Indian chef and cooking instructor Hari Ghotra recounts the fascinating story of the history of curry in the UK.
Here in Blighty we love a good curry, which now takes a place in our hearts alongside classic British favourites like fish & chips and shepherd’s pie. And in a recent survey 43% of us chose tikka masala as our ultimate comfort food.
Although our great love of spice can be explained many ways, one lady had a great influence in making curry more mainstream. That lady was Her Majesty the Empress of India, Queen Victoria.
History of Curry
Indian food first graced British tables as far back as the 1700s when soldiers and tradespeople returned from the eastern colonies. A curry recipe was first seen in Hannah Glasse's Art of Cookery Made Plain and Easy, which was first published in 1747. The recipe, entitled “How to make a currey [sic] the Indian way” combined boiled chicken with turmeric, ginger and onions in a cream, lemon and chicken stock sauce. Not quite how we make it today, but not far off.
The first Indian restaurant opened in 1809. The Hindostanee Dinner and Hooka Smoking Club was set up at the house of Saik Dean Mohamed just off of Hyde Park, London. Saik was a Bengali immigrant and entrepreneur who also produced his own curry powder. The Club offered “Indian dishes, in the highest perfection” served in a traditional Indian lounge, complete with hookahs and Indian tobacco. Guests could even get food delivered to their house – hence, the Indian takeway was born.
Unfortunately, the fashion at the time was for food to be prepared at home by servants, rather than eaten out. The club went bankrupt a couple of years after opening.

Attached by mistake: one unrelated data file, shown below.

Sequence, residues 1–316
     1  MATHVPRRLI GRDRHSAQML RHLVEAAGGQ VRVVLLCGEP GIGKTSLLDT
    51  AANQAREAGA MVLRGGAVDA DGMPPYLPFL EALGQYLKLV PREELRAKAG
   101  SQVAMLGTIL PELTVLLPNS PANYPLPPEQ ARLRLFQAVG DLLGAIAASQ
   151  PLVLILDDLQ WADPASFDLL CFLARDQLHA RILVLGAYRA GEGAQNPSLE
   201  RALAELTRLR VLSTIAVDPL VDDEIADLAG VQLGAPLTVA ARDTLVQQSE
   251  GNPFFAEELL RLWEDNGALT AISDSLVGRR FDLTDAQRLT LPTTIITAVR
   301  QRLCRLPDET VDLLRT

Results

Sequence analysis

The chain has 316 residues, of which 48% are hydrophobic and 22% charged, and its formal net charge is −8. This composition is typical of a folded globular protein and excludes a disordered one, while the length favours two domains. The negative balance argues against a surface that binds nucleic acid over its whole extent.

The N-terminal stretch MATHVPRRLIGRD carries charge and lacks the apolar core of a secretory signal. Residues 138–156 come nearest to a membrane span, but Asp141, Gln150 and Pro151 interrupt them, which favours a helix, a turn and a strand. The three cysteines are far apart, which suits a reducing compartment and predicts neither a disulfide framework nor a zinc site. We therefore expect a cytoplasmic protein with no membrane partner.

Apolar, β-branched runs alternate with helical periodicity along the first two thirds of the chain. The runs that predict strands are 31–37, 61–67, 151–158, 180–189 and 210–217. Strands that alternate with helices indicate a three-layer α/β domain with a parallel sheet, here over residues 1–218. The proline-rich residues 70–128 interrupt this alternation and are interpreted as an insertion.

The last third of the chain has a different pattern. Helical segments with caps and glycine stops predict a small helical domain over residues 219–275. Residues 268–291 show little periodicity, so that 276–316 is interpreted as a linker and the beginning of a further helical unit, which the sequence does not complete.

By this time, though, Indian influence was creeping into British cooking. Early attempts included piccalilli – a sort of knock off version of proper Indian pickle – as well as spicy fish dish kedgeree, and tangy mulligatawny soup.
By the time Queen Vic got to the throne Indian food was fairly readily available, but it was seen as more of a novelty, and many households turned their noses up at the idea of having their houses smell of pungent curry. Anybody who was anybody had a French chef cooking for them.
Old Vic was about to change that. The Queen was fascinated with India – although she never visited the country, she learnt both Hindi and Urdu and even had one of the wings at Osborne House decorated by a famous Punjabi architect. I love the idea of Vic and Albs, surrounded by gold and peacock feathers, discussing matters of the empire over a cheeky balti.
Later on in life she became close personal friends with a Mr Abdul Karim (AKA The Munshi) – a Muslim from Agra who came over to Britain in the late 1800s to work as a royal servant. The Queen kept a mostly Indian staff in later years and, according to food historians, curry was on the menu most every day. This didn’t take long to spread from the palace to the aristocracy, then through the upper and middle classes. An excerpt from Victorian cookbook Modern Domestic Cookery reads:
“Curry, which was formerly a dish almost exclusively for the table of those who had made a long residence in India, is now so completely naturalized that few dinner are thought complete unless one is on the table.”
Queen Victoria had made curry cool.
From then on curry just got more and more popular. There was a blip during the period of the two world wars due to rations, but once the world was at peace and India had gained independence, an influx of immigrants from the subcontinent brought with them the curry culture we know and love today.
Perhaps the most important moment was in the late 1960s when, so legend has it, a Scot complained about the dryness of his chicken tikka dish at a Glaswegian curry house. The legend goes that the head chef, at a loss, heated up a tin of tomato soup and tipped it over the chicken with a yoghurt and coriander garnish. And so the chicken tikka masala was born – the UK’s favourite comfort food.
Love Indian food? Have a look at Hari’s spice kits – cook authentic Indian food the traditional Indian way.